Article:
Water quality management is an expensive and time-consuming business. In order to monitor water quality, samples must be taken regularly and chemically analysed.
It is decided, on the basis of these results, whether there is a worrying level of contamination. Very often, the result of the analysis will indicate that contamination thresholds have not been exceeded.
This early warning system, capable of noting contamination and issuing an alarm without external control and without an extensive analysis system, was developed in order to monitor the water continuously.
The system is based on the behaviour of mussels. In clean water, mussels move the two halves of their shells according to a characteristic pattern. They remain open for the majority of the time, and only close for short periods. A mussel in contaminated water behaves differently.
Depending on the type and level of contamination, mussels affect a movement pattern which can differ greatly from the normal pattern. The variations on the normal movement pattern include a more rapid opening and closing of the shells (flapping), keeping the shell closed for a fixed period, opening the shell less and less far, and in the worst case, if a period of (high) contamination continues for too long, death of the mussels (gaping).
By entering the movements of the shell into a microprocessor, and by carrying out certain calculations on this data, it is possible to ascertain the behaviour of the mussel. Currently, a memory is being used to store the data for evaluation of trends in shell movement behaviour. By fitting a miniature coil to each half of the shell, the distance between the shell halves of a mussel can be measured.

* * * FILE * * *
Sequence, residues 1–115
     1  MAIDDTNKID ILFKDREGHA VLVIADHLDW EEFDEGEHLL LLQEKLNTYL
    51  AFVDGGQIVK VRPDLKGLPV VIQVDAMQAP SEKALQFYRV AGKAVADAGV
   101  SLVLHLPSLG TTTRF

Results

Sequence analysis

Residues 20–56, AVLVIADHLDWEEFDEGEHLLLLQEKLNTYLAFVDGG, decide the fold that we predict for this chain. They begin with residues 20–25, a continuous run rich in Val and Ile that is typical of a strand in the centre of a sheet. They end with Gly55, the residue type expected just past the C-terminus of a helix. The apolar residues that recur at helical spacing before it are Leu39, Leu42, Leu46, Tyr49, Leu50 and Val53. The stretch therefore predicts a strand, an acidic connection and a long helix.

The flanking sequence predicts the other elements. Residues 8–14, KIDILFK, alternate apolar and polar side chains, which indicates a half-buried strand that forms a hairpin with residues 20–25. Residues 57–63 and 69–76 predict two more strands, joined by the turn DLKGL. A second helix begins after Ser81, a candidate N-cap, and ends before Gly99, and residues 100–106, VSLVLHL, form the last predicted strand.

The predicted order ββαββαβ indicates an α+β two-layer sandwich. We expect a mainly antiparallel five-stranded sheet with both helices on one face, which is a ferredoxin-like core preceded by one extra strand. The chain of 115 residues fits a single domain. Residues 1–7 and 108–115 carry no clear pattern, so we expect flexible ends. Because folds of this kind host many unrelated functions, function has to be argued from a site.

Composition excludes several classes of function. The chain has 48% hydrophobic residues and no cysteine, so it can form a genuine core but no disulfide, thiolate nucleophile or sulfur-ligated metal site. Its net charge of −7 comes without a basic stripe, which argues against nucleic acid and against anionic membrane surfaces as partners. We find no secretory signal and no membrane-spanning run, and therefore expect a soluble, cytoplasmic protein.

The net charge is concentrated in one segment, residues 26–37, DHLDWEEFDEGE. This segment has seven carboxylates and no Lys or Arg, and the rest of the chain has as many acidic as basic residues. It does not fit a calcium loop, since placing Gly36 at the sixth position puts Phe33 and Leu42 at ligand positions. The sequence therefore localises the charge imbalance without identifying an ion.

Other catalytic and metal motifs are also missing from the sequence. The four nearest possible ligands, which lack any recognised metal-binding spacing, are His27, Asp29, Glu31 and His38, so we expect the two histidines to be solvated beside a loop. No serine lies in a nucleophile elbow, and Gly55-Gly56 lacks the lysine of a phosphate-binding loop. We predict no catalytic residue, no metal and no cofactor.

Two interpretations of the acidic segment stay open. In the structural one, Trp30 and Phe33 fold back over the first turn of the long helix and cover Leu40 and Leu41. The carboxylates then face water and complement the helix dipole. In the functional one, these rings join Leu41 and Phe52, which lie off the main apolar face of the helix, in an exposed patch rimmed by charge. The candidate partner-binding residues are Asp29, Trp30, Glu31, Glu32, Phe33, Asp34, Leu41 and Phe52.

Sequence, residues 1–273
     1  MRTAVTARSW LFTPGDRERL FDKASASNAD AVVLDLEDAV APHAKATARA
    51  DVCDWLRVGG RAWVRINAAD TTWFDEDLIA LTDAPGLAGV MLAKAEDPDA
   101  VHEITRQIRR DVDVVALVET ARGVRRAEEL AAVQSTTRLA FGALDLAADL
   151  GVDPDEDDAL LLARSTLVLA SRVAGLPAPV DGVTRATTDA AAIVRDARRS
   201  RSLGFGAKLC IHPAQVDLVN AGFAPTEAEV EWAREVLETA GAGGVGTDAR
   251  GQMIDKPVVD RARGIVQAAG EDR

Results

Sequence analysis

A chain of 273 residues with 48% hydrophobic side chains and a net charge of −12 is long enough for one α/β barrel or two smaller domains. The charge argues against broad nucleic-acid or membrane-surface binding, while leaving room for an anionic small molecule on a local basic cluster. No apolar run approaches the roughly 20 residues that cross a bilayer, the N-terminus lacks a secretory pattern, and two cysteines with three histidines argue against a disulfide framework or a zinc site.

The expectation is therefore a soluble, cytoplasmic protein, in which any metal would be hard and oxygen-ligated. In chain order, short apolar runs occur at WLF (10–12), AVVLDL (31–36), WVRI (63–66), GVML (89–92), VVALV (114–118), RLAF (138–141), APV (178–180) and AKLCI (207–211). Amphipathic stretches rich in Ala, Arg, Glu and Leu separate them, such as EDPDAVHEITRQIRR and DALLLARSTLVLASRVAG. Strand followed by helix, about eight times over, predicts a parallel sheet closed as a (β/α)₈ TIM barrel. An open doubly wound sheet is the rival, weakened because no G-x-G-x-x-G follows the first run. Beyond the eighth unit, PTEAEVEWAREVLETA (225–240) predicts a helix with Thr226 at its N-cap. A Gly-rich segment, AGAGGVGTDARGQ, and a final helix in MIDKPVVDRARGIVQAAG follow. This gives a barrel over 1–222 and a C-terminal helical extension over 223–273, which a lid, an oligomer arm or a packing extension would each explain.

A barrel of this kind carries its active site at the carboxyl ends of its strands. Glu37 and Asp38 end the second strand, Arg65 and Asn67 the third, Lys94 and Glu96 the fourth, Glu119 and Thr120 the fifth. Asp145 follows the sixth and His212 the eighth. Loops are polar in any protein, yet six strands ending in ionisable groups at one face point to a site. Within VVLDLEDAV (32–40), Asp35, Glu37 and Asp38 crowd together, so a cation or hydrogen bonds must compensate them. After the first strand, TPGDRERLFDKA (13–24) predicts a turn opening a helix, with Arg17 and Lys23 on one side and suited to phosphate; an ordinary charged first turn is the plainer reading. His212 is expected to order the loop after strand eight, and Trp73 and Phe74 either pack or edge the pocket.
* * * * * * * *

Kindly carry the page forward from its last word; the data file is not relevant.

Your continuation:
A high-frequency voltage is passed through the first coil, such that a magnetic field is created. This magnetic field induces a voltage in the other coil. The strength of the induced signal is dependent on the distance between the two coils, and is therefore indicative of the shell position.
Tests have shown that mussels react differently to different substances. Just like all other biological sensors (including fish, daphnia and bacteria), they are not equally sensitive to all substances. For many substances, detection levels have been laid down (and the list is continuously being extended). Using the movement pattern recognition system of mussels, it is perfectly possible to monitor water quality, both in fresh and in salt water.
The MOSSELMONITOR® has also been designed to operate on a stand-alone basis, using built-in, rechargeable batteries. The housing for the electronics is a practical field unit, which can be used in many locations.